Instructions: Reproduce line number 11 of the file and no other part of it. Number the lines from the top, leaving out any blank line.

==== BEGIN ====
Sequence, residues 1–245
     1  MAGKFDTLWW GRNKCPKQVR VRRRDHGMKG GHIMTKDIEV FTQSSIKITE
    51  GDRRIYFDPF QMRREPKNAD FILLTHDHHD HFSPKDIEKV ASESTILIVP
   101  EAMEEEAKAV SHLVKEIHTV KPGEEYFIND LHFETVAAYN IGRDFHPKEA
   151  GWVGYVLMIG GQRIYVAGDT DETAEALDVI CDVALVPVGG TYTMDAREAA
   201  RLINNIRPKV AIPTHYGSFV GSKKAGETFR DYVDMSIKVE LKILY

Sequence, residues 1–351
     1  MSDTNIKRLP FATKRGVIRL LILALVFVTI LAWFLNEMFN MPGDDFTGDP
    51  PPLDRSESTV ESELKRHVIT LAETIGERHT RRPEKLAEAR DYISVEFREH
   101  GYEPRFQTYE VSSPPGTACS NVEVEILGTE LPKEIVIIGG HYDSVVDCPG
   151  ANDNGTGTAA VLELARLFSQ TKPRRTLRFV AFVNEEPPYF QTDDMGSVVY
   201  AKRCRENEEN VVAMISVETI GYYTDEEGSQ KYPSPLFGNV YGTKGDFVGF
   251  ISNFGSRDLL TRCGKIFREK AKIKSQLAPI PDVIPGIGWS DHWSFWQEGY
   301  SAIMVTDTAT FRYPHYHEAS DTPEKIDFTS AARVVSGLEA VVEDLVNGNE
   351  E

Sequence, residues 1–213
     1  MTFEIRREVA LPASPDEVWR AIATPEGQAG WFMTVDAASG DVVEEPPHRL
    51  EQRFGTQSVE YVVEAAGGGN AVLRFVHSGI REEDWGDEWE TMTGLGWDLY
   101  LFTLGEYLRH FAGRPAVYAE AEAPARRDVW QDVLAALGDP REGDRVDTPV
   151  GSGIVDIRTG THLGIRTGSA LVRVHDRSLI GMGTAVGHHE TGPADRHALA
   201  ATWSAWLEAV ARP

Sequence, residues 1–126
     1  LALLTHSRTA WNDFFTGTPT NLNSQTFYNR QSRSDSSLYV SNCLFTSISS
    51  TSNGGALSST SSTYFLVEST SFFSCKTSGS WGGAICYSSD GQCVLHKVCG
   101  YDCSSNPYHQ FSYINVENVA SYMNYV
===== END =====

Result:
   151  ANDNGTGTAA VLELARLFSQ TKPRRTLRFV AFVNEEPPYF QTDDMGSVVY